In some ways, this arm is pretty simple: it's just a bunch of joints driven by stepper motors. The basic design directly follows the PUMA architecture, and everything follows from there. There's just a lot of slow design work figuring out how to squeeze everything together, work out motor torque requirements, gear spacing, and eventually, wire routing. I was surprised when I didn't find any well-documented (and finished) builds of things like this, so I decided I'd take a crack at the dirty work of wringing all of this out and putting out a plan for others to replicate my work.
The real tricky stuff comes in controlling the arm. I've used LinuxCNC for about six years on a variety of progressively-larger machines up to the Tormach PCNC 1100 I have today, and it's been successfully used to drive a variety of non-Cartesian kinematic mechanisms. In theory, it only needs some relevant configuration (namely, the Denavik-Hartenberg Parameters) and it can solve the inverse kinematics problems so that the user can order the arm from position A to position B in "world coordinates" and LinuxCNC works out the joint positions and moves the arm. That's the goal at least.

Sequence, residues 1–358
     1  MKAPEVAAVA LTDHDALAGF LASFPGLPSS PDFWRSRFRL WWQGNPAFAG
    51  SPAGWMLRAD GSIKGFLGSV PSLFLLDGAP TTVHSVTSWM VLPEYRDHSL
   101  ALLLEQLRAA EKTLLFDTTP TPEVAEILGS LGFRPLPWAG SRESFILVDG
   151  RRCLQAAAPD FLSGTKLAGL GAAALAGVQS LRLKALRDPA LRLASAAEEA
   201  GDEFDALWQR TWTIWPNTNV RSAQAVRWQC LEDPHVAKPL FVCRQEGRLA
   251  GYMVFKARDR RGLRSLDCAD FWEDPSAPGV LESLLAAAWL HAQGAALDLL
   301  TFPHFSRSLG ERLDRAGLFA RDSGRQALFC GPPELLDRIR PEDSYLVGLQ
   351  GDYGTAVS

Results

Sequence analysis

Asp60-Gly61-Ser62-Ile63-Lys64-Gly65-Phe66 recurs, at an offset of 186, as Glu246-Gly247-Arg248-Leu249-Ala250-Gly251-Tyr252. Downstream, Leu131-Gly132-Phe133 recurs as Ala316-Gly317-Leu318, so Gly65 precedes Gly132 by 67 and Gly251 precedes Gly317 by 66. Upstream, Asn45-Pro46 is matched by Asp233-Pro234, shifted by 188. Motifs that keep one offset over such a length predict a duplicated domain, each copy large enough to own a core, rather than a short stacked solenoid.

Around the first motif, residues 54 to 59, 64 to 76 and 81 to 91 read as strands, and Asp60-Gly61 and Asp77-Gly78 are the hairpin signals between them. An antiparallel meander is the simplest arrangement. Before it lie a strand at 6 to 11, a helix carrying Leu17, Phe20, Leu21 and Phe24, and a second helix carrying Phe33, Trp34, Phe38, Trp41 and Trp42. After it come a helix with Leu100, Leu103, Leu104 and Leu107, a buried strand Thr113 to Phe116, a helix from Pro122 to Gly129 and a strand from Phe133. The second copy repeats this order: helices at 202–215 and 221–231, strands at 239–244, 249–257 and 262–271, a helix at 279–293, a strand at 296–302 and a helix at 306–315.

Then there's the gripper. If I knew what I was doing, I'd have known that gripper design is in fact a whole discipline within the robotics field, and that a gripper is really its own self-contained robot. I settled on a parallel gripper as the starting point, since it can pick up and put down a wide range of objects, but in principle any end-effector of appropriate size should be workable.
Mostly, the goal for this iteration is just to get everything minimally working, and then start identifying weak points and areas for further refinement.
Great job putting together the PUMA-type robotic arm. It certainly looks professional and certainly has an industrial look to it. Are you using the VAL programming language to operate it?